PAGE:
I’ll ‘fess up right from the start. The first time I ever became shitfaced drunk was at the age of 15. I was at summer camp, and some of the counselors (most of whom were 18 or 19) had sneaked beer onto the grounds. It took precisely one 12-ounce bottle of Molson Golden to polish me off; for the next couple of hours, I was babbling like a moron, much to the delight of the counselors. The next day, as I was debriefed on the experience, I asked them why they had bought Molson. “It’s Canadian”, one told me, as if that would settle any mystery. When I looked baffled, he added, “Canadian beer has more alcohol in it; more buzz for the buck”
For some reason, that stuck with me throughout the years. That Canadian beer has more alcohol was something I took for granted well into my thirties. When given a choice, I’d opt for Molson, or Moosehead, or Labatt. I even asked a Canadian about it, a few Canadians even. I asked them why there was more alcohol in Canadian beer. The answers always varied. “It’s because of the climate; the water is much colder”, a young boozer from Halifax told me. “It’s because of the climate; the air is much colder, so you need something to warm you up”, a stoner from Vancouver explained. “It’s because Canadians are all alcoholic”, a Saskatoon oil man once confided.
I’ve found that this little kernel of knowledge is so well known, I’ve met few people who greet it with more than a shrug. A college student from Toronto even added, “if you want to get even drunker, try drinking the beer through a straw”. She then qualified her statement by saying, “I haven’t done that since I became of legal age to drink. Nothing quite shouts “freshman” like drinking beer through a straw. But it works!”
This sent up a red flag. I had heard the straw rumor too, but had dismissed that one. A straw does not change the alcohol content of a beverage any more than a straw turns a milkshake into wine. I’ve heard all the supporting arguments (“a straw regulates oxygen flow to the brain, a straw gets the alcohol into your blood faster”), and none of them make a shred of scientific or logical sense. I began to wonder if the alcohol content legend was similarly flawed. Perhaps Canadian beer doesn’t have more alcohol than its American competition?
So a few years back, I decided to settle this once and for all. I went to the local liquor store, grabbed a six-pack of Moosehead and a six-pack of Budweiser, and went home and spent the day chugging beer. It was a glorious day! The sun was shining, tunes were playing, and I drank can after can of beer. I’m not quite sure how the day ended, but I awoke around 3AM with a throbbing headache and little memory of what had happened during the last few hours of my experiment. As for which brand got me drunker, it was hard to say. They both played a role in it.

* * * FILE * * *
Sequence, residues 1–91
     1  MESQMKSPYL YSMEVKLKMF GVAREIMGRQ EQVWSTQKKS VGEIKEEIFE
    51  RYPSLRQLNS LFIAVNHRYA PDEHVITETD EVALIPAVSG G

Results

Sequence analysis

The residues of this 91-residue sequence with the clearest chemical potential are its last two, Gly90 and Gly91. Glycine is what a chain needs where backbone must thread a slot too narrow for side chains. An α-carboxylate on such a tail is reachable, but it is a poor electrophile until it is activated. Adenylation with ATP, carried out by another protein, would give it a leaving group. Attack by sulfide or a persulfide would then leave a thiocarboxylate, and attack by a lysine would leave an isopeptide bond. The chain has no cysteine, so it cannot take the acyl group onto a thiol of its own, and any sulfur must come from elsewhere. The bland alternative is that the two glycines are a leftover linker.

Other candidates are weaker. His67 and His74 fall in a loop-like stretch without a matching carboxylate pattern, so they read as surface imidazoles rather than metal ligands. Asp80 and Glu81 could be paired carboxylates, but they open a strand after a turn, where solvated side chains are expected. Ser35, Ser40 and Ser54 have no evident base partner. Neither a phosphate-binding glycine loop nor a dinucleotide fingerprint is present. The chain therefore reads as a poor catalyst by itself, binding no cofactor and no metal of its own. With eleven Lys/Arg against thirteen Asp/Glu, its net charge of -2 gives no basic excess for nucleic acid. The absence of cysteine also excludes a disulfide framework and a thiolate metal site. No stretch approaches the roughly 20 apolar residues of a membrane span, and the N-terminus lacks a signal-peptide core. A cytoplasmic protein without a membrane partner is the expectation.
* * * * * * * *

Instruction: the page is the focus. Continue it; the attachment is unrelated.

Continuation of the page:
For my second experiment, I decided a simpler method of determining alcohol content was to examine the labels. I picked up two more six packs and examined the fine print on the cans. Moosehead had “5%” listed as alcohol content, while Budweiser had “3.9%” on the can. That seemed to have been the proof I was looking for, and decided to drink the rest of the Moosehead to celebrate one urban legend that appeared to have been proven true.
Somewhere into my fourth can of Moosehead, I started getting some funny notions in my head. I began to think that proving Canadian Beer was more alcoholic was too easy; surely I was not the only person to look at the side of a can. As I cracked open my fifth, this nagging concern of mine became consuming; there had to be more than met the eye. After all, how could Budweiser be such a ubiquitous beer with such a low alcohol content? Isn’t the whole point of beer to get a buzz, I wondered, momentarily forgetting that I wasn’t in college anymore. I examined the side of the cans again, and noticed two key abbreviations: ABV on the Moosehead, and ABW on the Budweiser. I had always been dimly aware of those abbreviations, but it was then that I realized that they were different abbreviations. However, the significance had to wait for another day, because by the time I had finished my sixth can of the stuff, I could hardly do more than listen to music and make fatuous pronouncements to my long-suffering girlfriend.
The next morning, hungover again, I got to work. ABV (commonly used as a measurement in Canada) refers to alcohol by volume, while ABW (common in the U.S.) refers to alcohol by weight. How much of a difference does this make? A lot, as it turns out. 5% ABV means that 6/10 of an ounce of beer in a 12-ounce bottle is actually alcohol, 5% of the total volume. However, the equation becomes trickier with ABW. Alcohol is lighter than water; it weighs about 4/5 as much as the same volume of water weighs. Thus, a measurement of 3.9% ABW works out to about 4.9% ABV. In other words, the difference between the two beers is negligible. Not only that, but the entire range of best-selling Canadian and American brews all fall within a range of 4.5% to 6% ABV, with both evenly distributed throughout. In other words, American beer is no weaker than its foreign counterparts, and Canadian beer is not stronger; frankly, it is all the same stuff. While there are beers that push the alcohol content even higher, they tend to be craft beers or the product of microbreweries, and can be found on both sides of the border. American brewers are now required to list alcohol content in ABV to conform with the rest of the world, but the rumors still persist.
So, if getting drunk is your purpose, no need to shell out those extra bucks for Canadian imports. As it turns out, good old-fashioned American pisswater gets the job done just as well.